CoolfundasHow-ToHow To Compress Images In Powerpoint

How To Compress Images In Powerpoint

If you want to reduce the size of your PowerPoint file because it is too big, then one of the ways you can achieve this is to compress images in PowerPoint presentations.

There are several ways you can achieve this. The obvious one would be to reduce the image’s resolution before you insert or paste the image or picture into the presentation. However, if you have already completed the PowerPoint presentation, removing the images, resizing them, and inserting them back into the presentation would be tedious.

Well, there is a more straightforward solution to this problem. PowerPoint offers a native feature that allows you to compress all or selected images in a presentation.

The following section will show you the steps to compress pictures in PowerPoint.

Steps to Compress Images In Powerpoint

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1. Open the PowerPoint file and the slide with the image(s). Select the Image or picture on the slide. If there are multiple images, you can select all of them.

How to Compress Images in PowerPoint
Select Image in Powerpoint Slide for Compression

2. On the top navigation bar, click the Picture Format tab. In the adjust section of the ribbon, click Compress Pictures option. The Compress Picture popup will appear on the screen.

Powerpoint Compress Images 2
Selecting the Compress Pictures option in Powerpoint

3. In the Compress Pictures popup, you will be presented with various options. You can change the resolution of the image or picture in your PowerPoint slide by selecting the preferred option from High Fidelity, HD, Print, Web, and E-mail. The resolution is in PPI, Pixels Per Inch, with the E-mail option offering the lowest resolution.

Powerpoint Compress Images 3
Compress Pictures Option Popup
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The PPI refers to the number of pixels contained within each inch of a digital image. The higher the PPI number, the higher the resolution which translates into a higher-quality picture.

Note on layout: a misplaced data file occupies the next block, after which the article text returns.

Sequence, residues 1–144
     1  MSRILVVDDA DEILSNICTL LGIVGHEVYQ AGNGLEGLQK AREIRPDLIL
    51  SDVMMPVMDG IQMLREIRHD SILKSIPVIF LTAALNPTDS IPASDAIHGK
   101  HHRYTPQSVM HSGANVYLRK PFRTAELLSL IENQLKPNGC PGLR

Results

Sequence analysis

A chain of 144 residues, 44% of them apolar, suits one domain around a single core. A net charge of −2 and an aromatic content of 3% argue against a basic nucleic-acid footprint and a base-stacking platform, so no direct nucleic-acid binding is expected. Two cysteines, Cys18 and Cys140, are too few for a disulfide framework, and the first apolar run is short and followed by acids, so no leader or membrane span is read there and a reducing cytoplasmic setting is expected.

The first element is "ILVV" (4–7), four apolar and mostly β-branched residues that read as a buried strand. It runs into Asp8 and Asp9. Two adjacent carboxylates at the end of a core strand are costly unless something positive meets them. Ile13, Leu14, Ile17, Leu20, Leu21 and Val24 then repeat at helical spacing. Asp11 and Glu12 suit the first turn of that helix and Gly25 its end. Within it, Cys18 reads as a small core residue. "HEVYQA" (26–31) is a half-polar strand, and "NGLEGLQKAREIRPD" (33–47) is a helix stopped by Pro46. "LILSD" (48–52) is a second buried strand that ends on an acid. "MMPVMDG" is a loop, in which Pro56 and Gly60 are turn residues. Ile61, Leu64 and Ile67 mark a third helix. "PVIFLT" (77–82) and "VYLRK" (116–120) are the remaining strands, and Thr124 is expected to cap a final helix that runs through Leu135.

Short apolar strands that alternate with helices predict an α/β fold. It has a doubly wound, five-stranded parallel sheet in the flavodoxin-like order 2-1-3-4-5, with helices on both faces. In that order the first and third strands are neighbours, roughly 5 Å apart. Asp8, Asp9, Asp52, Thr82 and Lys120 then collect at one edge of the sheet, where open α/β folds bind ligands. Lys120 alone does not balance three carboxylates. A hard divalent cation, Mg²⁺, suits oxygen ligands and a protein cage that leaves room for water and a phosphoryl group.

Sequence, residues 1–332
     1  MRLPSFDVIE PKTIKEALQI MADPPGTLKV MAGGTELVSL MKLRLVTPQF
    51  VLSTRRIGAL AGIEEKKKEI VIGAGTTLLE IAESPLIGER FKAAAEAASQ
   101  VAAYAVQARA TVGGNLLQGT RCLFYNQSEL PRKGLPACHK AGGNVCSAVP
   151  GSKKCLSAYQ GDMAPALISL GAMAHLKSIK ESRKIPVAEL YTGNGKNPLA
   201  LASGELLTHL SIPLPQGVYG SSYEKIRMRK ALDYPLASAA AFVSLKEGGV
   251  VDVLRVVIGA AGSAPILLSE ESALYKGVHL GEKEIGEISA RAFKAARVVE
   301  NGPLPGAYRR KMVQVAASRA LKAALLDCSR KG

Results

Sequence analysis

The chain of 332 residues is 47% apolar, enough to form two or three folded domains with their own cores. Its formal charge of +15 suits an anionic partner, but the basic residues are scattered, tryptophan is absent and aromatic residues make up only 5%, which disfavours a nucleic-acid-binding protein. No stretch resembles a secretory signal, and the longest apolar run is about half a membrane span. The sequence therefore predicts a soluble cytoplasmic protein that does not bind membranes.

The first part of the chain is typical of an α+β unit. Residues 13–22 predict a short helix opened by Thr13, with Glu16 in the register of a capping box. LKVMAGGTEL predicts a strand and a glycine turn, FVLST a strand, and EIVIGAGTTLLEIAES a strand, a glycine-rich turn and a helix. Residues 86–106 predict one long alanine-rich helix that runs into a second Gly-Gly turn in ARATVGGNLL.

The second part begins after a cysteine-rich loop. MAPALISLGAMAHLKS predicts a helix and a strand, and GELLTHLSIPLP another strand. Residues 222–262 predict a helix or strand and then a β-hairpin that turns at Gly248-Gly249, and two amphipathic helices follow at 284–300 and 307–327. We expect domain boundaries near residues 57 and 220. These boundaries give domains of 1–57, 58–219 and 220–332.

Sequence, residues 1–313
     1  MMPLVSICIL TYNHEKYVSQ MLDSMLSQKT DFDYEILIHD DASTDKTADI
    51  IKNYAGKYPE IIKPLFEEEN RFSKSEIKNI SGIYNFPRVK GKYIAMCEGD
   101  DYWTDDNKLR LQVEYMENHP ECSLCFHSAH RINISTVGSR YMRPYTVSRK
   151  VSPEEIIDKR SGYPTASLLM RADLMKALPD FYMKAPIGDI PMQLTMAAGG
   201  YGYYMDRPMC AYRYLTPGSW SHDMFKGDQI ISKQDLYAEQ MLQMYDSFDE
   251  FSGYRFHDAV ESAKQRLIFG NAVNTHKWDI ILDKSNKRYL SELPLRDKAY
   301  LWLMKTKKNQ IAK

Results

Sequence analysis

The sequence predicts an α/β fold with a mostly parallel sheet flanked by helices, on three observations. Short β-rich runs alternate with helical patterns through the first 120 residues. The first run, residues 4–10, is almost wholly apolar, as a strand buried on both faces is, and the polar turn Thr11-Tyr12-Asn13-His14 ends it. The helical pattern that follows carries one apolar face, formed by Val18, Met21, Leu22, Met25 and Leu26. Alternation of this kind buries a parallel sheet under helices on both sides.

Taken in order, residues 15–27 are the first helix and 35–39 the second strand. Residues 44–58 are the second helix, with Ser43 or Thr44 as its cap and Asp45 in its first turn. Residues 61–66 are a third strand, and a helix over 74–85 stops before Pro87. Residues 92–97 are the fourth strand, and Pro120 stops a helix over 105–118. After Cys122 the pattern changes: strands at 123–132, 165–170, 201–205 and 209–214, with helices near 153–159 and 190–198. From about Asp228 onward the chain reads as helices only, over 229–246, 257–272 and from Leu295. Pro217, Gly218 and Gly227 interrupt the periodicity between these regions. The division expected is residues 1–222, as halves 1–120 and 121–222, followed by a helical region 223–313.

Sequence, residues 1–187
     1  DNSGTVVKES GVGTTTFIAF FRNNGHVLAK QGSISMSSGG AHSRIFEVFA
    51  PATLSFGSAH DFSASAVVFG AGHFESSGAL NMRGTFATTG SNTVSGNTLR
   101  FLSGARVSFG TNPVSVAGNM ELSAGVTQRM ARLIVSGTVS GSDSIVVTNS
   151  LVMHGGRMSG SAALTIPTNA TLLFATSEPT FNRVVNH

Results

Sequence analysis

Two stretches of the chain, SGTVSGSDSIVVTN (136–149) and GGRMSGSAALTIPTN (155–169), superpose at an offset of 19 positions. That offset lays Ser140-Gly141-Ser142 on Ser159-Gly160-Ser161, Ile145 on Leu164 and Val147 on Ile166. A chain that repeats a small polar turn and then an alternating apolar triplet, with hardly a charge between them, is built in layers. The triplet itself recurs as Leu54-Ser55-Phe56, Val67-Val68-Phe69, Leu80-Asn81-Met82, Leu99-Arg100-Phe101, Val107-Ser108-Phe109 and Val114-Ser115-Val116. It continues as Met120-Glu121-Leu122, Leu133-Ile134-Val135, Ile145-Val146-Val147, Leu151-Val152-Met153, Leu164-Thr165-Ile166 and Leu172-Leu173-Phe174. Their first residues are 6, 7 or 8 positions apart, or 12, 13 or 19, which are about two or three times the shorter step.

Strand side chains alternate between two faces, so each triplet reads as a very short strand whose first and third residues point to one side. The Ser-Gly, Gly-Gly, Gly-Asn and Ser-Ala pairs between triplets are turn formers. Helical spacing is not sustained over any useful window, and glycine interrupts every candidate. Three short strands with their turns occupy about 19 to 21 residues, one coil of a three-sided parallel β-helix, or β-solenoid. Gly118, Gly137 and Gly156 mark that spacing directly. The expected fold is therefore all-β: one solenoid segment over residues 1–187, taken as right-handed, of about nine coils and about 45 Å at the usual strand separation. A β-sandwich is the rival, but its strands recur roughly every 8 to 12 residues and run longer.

If the PowerPoint is only for circulation with colleagues or friends, then the Web or E-mail option should be more than sufficient. If you use PowerPoint for a presentation, I would recommend using either the Print or HD option.

You can also apply the new resolution only to the selected picture(s) or to all the pictures in the PowerPoint presentation. Use the Apply only to this picture option for this.

If you have cropped a picture in the slide, then the areas that have been cropped can be deleted to further reduce the size of the image by selecting the checkbox against the Delete Cropped areas of pictures option.

Tip: If you are using videos in your PowerPoint presentation and you are adding the video file to your presentation directly, you would do better by uploading it to a third-party video site like YouTube or Vimeo and then embedding the video in your Presentation.

Additional Options to Compress Pictures in PowerPoint

While reducing the resolution to compress images in PowerPoint is the easiest solution to significantly reduce the size of the PowerPoint file, there are additional ways to reduce the file size further.

When you edit an image in PowerPoint, the editing data is retained from the original in case you want to restore it later. All these editing data can be discarded to reduce the file size further.

  • Open the File tab, and select Options. View the Advanced section in the Options popup.
  • In the Image Size and Quality Section, select the checkbox against Discard editing data
  • You can also set the default resolution for your PowerPoint presentations to a lower resolution to avoid doing it for every new file you create.
Powerpoint Compress Images 4
File > Options > Advanced > Image Size and Quality

I hope this article was useful and helped you with PowerPoint image compression.

Tip: If you are using custom fonts, you can also manage the way you embed custom fonts in your PowerPoint file to reduce the size.

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Shashi Venkatesh
Shashi Venkatesh
Shashi Venkatesh is a 22-year veteran of the technology industry, with experience developing and managing large-scale web applications for clients, working globally across America, Europe, and Asia. He is also a Wordpress aficionado and has consulted extensively in the development of Wordpress websites, blogs and ecommerce platforms. He enjoys reading and gaming and is an avid motorsport fan.

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